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Heartbeats: French Canadian Ménage à Trois Moves into Coral Gables Cinema

Heartbeats, the second feature from 21-year-old wunderkind Xavier Dolan, is an Instagram of the Way We Fuck Now--or, more precisely, the way gorgeously costumed and coiffed French-Canadian early twentysomethings fuck and/or fail to fuck, while tripping over their own misguided attempts to land in love.

The film, which opens at the Coral Gables Art Cinema this weekend, bounces between montages of faux-interviews with young lovelorns--shot with "documentary"-style jerky zooms, establishing that Dolan's interest in generational anthropology is more style than substance--and an equally superficial narrative dissecting the passive aggression of young lusters.



At a dinner party, Marie (Monia Chokri) points her gay bestie, Francis

(Dolan), toward Nicolas (Niels Schneider), a stranger wearing plastic

heart-shaped sunglasses with a halo of unkempt blond curls. "Who's the

Adonis?" she asks, her voice lilting just enough that she could pass off

the reference to the Greek beauty as ironic or not, depending on

Francis's reaction.

Heartbeats: French Canadian Ménage à Trois Moves into Coral Gables Cinema

He's just as ambiguously cool, and with neither friend brave enough to

admit their crush, both begin to casually woo Nicolas. The three hop

around Montreal together as an ostensibly platonic unit, Marie and

Francis laboring to hide their seduction tactics from each other while

transmitting the message to their common adored.

But which one does Nicolas want? Is he straight or gay, pansexual or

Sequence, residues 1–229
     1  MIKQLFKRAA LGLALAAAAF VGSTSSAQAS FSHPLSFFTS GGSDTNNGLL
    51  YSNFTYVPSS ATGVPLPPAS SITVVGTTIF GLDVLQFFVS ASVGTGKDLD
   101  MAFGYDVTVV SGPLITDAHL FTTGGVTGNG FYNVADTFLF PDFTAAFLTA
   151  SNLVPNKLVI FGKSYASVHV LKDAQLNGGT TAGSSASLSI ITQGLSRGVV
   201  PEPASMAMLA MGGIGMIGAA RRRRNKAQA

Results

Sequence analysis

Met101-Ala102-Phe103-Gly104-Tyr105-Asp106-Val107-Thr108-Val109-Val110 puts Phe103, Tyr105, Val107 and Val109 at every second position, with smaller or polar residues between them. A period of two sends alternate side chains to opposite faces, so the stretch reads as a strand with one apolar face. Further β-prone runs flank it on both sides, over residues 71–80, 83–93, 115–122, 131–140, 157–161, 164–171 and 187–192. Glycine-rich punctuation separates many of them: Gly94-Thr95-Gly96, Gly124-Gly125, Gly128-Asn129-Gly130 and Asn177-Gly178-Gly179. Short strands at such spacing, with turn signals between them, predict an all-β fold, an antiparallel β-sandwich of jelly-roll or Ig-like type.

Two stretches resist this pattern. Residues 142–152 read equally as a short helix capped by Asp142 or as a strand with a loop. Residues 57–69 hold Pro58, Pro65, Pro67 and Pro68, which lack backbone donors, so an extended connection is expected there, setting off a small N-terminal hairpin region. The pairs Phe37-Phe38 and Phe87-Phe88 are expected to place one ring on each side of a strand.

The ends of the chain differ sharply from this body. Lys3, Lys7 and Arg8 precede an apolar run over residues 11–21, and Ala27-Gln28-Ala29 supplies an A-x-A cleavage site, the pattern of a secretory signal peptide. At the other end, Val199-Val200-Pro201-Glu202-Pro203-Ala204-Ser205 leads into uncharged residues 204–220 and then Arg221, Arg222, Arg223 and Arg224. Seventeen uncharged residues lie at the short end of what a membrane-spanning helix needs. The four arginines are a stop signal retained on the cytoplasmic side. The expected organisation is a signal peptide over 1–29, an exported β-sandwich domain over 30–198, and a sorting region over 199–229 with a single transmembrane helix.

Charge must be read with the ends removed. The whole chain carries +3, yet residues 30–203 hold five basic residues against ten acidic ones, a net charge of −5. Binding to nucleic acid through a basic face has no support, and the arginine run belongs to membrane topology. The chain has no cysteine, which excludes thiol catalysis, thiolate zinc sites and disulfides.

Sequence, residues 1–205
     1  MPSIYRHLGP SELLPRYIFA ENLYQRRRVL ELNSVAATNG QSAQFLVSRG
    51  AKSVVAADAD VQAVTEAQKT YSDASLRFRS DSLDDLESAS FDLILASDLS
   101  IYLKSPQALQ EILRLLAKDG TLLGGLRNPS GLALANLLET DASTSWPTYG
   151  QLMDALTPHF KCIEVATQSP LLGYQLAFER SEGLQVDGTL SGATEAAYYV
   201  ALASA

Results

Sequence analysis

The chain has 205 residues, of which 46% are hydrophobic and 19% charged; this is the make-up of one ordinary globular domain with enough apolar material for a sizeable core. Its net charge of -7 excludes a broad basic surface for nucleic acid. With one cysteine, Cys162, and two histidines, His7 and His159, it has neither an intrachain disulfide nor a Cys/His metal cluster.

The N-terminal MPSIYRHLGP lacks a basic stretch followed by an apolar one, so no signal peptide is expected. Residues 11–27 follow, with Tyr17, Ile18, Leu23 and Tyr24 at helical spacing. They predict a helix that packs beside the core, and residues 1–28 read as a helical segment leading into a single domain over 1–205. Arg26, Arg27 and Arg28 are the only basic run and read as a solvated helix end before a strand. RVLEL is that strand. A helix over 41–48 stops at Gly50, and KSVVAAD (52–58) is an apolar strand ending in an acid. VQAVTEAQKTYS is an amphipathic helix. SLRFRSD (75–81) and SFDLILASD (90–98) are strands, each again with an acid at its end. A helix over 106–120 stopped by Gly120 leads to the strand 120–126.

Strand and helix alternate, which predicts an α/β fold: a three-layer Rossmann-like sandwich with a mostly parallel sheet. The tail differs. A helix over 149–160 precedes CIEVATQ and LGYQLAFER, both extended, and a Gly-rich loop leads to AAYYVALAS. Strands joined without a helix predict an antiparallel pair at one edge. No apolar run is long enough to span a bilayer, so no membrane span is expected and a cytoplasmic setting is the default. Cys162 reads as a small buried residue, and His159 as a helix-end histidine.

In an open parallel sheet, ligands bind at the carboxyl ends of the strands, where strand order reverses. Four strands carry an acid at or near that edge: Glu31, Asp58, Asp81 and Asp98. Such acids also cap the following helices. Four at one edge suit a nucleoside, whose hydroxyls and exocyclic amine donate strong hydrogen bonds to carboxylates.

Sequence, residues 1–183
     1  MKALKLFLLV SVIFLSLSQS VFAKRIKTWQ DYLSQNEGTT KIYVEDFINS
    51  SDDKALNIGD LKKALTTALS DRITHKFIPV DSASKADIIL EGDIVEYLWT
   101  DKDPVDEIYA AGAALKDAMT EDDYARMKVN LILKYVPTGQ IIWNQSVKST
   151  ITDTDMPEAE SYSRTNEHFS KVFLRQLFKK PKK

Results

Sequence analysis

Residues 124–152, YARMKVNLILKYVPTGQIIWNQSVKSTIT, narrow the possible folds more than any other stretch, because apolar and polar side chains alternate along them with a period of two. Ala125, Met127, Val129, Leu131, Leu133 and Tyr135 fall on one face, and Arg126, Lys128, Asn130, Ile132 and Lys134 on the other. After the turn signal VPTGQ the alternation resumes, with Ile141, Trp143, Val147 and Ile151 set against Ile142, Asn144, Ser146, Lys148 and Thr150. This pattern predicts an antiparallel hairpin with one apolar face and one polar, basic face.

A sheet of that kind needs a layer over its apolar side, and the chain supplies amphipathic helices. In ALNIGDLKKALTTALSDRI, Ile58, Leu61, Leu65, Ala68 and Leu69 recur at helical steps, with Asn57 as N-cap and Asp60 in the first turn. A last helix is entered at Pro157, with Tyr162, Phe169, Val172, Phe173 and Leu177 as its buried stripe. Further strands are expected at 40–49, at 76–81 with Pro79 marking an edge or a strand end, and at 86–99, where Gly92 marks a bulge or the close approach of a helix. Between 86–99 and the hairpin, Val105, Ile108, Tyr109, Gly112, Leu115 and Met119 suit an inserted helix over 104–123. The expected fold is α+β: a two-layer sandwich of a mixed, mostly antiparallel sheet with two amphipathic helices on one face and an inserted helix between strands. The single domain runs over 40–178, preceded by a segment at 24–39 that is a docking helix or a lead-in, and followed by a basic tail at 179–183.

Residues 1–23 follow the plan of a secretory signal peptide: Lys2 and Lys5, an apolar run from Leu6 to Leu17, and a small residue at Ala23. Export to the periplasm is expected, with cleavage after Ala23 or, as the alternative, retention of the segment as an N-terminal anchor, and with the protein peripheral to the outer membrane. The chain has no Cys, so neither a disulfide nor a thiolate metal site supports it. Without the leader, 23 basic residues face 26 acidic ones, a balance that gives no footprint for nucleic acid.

asexual? Francis and Marie obsessively catalog his every gesture and

aside, but the clues he drops only muddle the matter.



With Nicolas a closed book, the director fetishizes the ways in which

the friends-turned-rivals betray their hidden feelings. His slow-motion

montages set to dreamy torch songs mock chain-smoking retro-fashion

victim Marie and the emo Francis for sabotaging themselves by caring too

much. Next to Nicolas, a laconic mess, the over-styled would-be

seducers look like they're in drag.

If Dolan is able to derive a certain comic tension from the simple

threat of what could happen with these three in close quarters, he and

his co-actors often spoil the mystery of the unsaid with the tells on

their faces. When one pair is having a moment, Dolan inevitably trains

his camera on the knowing gaze of the one left out--never so perfectly as

when Nicolas lets a smirk slip while watching Francis and Marie fight

over him.

Heartbeats: French Canadian Ménage à Trois Moves into Coral Gables Cinema

Too bad that smirk is the closest Dolan comes to any kind of insight

into his characters' behavior. From the dinner-party scene on, Dolan

defines them by what they look like and how they look at one another,

too often indulging in those gazes without critiquing them. An

undeniable triumph of artifice, Heartbeats acts as a kind of bizarro

fantasy mirror, aestheticizing and glamorizing the madness that arises

from unrequited sexual obsession, as drunk on beauty and blind to truth

as its deluded singles.

--Karina Longworth

Heartbeats screens Friday through April 14 at the Coral Gables Art Cinema (260 Aragon Ave., Coral Gables). Tickets cost $10. Visit gablescinema.com.

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Coral Gables Art Cinema

260 Aragon Ave.
Coral Gables, FL 33134

786-385-9689

www.gablescinema.com


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